Every year, on Thanksgiving Day, I make a list. A “Thankfulness List”. Over the years, this list has included things like “my book collection” and “a cup of coffee”, as well as more thoughtful things like “my relationship to God” and “my close friends.”
I usually jot it down on Thanksgiving morning….and then don’t think about it again for a long time. Gratefulness is forgotten quickly in the madness of the holiday whirlwind. I may have been thankful, but I lacked gratitude.
Gratitude bespeaks something deeper. It is a beckoning, deep ocean, full of undiscovered gems, while thanksgiving rides the waves above and crashes joyfully, yet briefly, on a sandy shore.
They belong together. Gratitude and thanksgiving. They dance in perfect harmony. But if I only surf on thanksgiving’s waves, I’ll miss the beauty of gratitude’s unexplored wonders.
Thanksgiving means “an expression of gratitude”, according to Webster’s dictionary. Do a quick flip over to the word “gratitude” in the dictionary and discover it means “the state of being grateful.” One of the definitions of “grateful” is “thankful and appreciative” and “affording pleasure or comfort”. Also, under the word “gratitude” is the word “gratuitous”, an adjective, which means “given without recompense or return; given or received without cost or obligation.”
So, being in a state of gratitude means being appreciative for the pleasures and comforts we enjoy that are given to us without cost or obligation to us. We recognize our lives are full of gifts. We don’t pay for these gifts; they come to us from God.
“Every good gift and every perfect gift is from above, and comes down from the Father of lights, with whom there is no variation or shadow of turning.” James 1:18
Yet, another part of the state of gratitude, in my mind, is indeed realizing that no gift is ever truly free. Freedom comes with a price. Love requires sacrifice. Peace means forsaking selfish gains.
A soldier’s family can tell you the cost of freedom of speech. A family can give testimony to the high cost of staying together through turbulent times. Your friend knows the sacrifice of energy given when you needed her the most.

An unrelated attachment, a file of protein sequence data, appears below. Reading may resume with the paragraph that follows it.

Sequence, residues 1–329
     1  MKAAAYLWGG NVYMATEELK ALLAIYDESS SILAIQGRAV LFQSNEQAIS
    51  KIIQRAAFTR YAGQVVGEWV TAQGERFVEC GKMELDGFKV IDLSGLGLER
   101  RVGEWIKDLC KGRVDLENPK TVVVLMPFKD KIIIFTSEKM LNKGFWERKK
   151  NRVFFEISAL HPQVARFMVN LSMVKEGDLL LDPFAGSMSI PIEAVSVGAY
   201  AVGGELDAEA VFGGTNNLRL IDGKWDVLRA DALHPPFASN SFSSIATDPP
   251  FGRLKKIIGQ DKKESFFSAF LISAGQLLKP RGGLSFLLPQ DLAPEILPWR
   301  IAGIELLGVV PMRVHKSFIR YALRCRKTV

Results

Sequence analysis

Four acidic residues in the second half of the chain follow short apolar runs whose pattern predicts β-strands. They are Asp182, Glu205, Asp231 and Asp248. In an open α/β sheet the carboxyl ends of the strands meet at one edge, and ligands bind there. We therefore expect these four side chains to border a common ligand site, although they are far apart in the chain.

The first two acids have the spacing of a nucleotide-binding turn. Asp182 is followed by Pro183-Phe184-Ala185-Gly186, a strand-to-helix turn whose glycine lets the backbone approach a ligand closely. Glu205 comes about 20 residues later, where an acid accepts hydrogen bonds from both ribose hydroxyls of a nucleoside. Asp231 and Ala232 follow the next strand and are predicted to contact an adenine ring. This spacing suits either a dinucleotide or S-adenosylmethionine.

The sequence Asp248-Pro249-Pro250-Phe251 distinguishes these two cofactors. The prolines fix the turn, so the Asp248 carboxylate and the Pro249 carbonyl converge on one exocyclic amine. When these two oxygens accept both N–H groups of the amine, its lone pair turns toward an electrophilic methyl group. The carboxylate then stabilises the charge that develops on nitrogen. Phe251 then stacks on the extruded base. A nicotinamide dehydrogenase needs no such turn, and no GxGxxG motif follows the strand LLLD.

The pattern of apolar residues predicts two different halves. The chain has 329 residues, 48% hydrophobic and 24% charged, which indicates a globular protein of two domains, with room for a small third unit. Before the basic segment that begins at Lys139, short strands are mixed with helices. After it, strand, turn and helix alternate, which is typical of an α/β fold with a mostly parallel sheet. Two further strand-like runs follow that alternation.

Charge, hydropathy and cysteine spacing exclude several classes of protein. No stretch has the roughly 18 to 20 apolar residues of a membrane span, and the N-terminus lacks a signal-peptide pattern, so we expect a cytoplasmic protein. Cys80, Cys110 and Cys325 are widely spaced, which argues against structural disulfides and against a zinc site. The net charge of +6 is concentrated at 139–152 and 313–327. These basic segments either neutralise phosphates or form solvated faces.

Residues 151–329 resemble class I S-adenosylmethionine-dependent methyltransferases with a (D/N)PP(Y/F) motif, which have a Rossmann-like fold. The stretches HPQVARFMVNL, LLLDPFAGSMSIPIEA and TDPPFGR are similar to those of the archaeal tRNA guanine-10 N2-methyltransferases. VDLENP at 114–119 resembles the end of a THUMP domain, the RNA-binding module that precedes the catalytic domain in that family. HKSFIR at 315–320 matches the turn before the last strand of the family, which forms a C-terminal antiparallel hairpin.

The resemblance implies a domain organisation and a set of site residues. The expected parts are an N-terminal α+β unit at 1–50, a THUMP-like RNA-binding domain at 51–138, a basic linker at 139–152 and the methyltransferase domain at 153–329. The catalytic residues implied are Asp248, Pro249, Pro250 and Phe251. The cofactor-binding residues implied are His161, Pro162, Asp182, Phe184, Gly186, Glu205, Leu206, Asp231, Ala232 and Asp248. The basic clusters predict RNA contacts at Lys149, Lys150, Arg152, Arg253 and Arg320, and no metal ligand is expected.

When we express our gratitude, we acknowledge the price that someone paid for the gifts we enjoy. Making a list is like riding a wave. It’s fun and good, but it doesn’t necessarily stay with us. We invite gratitude into our everyday lives and let our actions reflect our hearts. With gratitude as a key component to my life, I honor the price that was paid to give me these good things.
Gratitude means loving unconditionally because every person in our lives has value.
Gratitude means welcoming new friends, without forsaking old ones, because its embrace is all encompassing.
Gratitude means I hold my tongue from saying hurtful things because I realize I don’t know the whole story and understand there is a bigger picture.
Gratitude means I remain hopeful in bad situations and realize that God works in every moment for the good.
Gratitude means I eat all my vegetables, even if I’d rather just eat French fries, because I recognize that food is a precious commodity.
Gratitude means I don’t stay angry at the world for being cruel and heartless at times because I know that God has redemptive plans for the future.
Gratitude expands our view of the world and compels us to do something for the kids in poverty, the women living in oppression, and the elderly in need of attention.
Gratitude opens our eyes to the beauty of God’s creation and motivates us to take better care of the planet.
Gratitude reaches out to those who are different from us and says, “What can I learn from this person?”
Gratitude overflows into generous acts because, as Father Richard Rohr wrote, I desire to “humbly and proudly return what I’ve been given.”
Gratitude isn’t selfish. When I have a grateful outlook, I tend to be a little less selfish. I’m ready to share. Ready to give. Ready for generosity.
Gratitude does not ignore the prices paid, the sacrifices endured, or the pain suffered. Rather, it scoops all the sorrow and grief and hurt into its giant, loving arms and carries the burden for us. We can rest in knowing that life is good, life is a gift, and life is from God. In this knowledge, we move confidently forward to the day when all things will be restored and renewed. Gratitude points us to the future and gives us a hope, as the prophet Jeremiah wrote in Scripture.
My goal this year is to practice living in gratitude. I don’t want to give a mere lip service. I don’t want to jot down a few notes in a journal and be done with thanksgiving. I want to wake up each day, see the gifts I’ve received, and never take them for granted. I want this prayer to be a motto of my life:
“I ask Thee for a thoughtful love, through constant watchings wise,
And a heart at leisure from itself
To soothe and sympathize.” –A.L. Waring
Gratitude is more than words on a list.
It means living life…
with loving words…
with thankful actions…
and peaceful hearts.
Let’s ride the waves of thanksgiving…and swim in the ocean of gratitude.
Happy Thanksgiving, friends.